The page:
The Cotton Pickers of America Monument and Sharecroppers Interpretive Center is the flagship project of Khafre, Inc. This project, like none other, documents the history of field hands, landowners, and the usually forgotten mule that worked from “kin to kain’t” (can see in the morning to can’t see at night), and their truth and reconciliation about the “Old and New South.” This Monumental project presents an opportunity to not only give dignity to those who made cotton "king," but also to say "thank you" to those who with their sweat equity investments made cotton production the number one industry in America, for over two-hundred years. Personal narratives will be used in the telling of this remarkable history.

Therefore, in recognition of the people who prospered from the cotton industry, and in honor of the folks who planted, chopped and picked cotton, Khafre, Inc shall erect a monument that will be approximately 25 feet tall and will be seated on approximately 20 acres of prime cotton/“blues” land along Highway 61. The Monument is intended to increase awareness, knowledge, and appreciation of historic sites, structures, and landscapes relating to the cotton industry and the sharecroppers experience. The goal is to give dignity back to those who may have lost it along the way to and from the cotton fields.

The Concept

Khafre, Inc is working with Middle Tennessee State University (MTSU) professors Dr. Carroll Van West and Dr. Rebecca Conard, Ed Dwight, a renowned monument developer, based in Denver, CO, and several other advisors to create the design parameters needed to gain immediate attention, national exposure and above all meaningful financial support from notably individuals, Washington, D.C. and regional sponsors. We have included in this proposal a design concept, by Mr. Dwight that includes a historical museum/gift shop/learning and community development center that ensures the entire plan has an institutional dynamic. This plan we believe will garner significant investments, regionally, nationally and perhaps internationally as well.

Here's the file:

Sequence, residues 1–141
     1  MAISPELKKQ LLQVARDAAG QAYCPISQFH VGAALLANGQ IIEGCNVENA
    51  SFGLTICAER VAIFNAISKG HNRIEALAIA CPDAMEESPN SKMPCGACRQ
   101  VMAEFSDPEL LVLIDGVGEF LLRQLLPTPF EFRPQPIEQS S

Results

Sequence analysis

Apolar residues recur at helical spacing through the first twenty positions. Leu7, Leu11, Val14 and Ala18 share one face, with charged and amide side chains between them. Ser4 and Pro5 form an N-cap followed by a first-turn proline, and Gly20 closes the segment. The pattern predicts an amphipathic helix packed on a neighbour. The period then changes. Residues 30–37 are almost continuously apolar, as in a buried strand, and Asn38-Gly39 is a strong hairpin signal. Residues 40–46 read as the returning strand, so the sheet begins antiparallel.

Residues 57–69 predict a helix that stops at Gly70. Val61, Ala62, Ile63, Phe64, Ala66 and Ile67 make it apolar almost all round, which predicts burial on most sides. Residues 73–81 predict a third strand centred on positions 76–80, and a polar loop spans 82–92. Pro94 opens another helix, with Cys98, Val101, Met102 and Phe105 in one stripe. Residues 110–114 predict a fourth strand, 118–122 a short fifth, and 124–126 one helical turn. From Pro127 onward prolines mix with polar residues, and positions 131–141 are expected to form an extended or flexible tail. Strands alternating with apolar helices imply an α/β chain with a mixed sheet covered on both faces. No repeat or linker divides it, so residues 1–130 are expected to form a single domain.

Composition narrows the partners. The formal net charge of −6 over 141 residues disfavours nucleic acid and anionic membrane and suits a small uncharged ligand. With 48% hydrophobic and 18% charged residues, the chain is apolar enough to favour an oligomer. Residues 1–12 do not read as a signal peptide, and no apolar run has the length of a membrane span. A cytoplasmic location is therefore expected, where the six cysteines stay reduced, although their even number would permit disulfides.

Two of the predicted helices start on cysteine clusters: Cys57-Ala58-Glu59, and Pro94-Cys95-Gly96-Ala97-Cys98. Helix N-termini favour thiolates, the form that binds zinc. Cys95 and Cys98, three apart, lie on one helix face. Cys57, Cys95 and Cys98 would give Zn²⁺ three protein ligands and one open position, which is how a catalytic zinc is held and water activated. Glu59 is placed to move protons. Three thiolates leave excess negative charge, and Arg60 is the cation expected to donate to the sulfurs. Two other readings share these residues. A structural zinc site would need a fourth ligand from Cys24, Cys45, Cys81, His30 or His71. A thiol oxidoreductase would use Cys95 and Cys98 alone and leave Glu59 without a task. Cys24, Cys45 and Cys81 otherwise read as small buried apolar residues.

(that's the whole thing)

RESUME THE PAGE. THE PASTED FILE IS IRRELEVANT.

This proposed concept enhances a myriad of areas that are related to systemic growth in the Mississippi Delta. The Center, with regard to economic development, will provide opportunities for other businesses to be located near this new tourist area, which not only celebrates the agricultural contributions of African Americans, but all cotton pickers of the American South.

The Design Plan

We shall erect the Cotton Pickers of America Monument and Sharecroppers Interpretive Center, in recognition of the people who prospered from the cotton business, and also in honor of the folks who planted, chopped, picked and milled it on a daily basis for their livelihood. The Center shall stand as a historic reminder of dignity restored on approximately 20 acres of prime “blues” land situated along Highway 61. It will include industries that represent arts and crafts, food products from the southern culture, and other novelty products that represent the Delta region. The Center will draw tourists from around the world who cherish southern culture and want to learn more about the dimensions behind the genre of blues music and the cotton industry. Local and international artists will be asked to perform at the Center to celebrate blues and its contributions to American culture. Likewise, writers and other artists will be asked to contribute at the Center to celebrate southern literature, art, and humanities.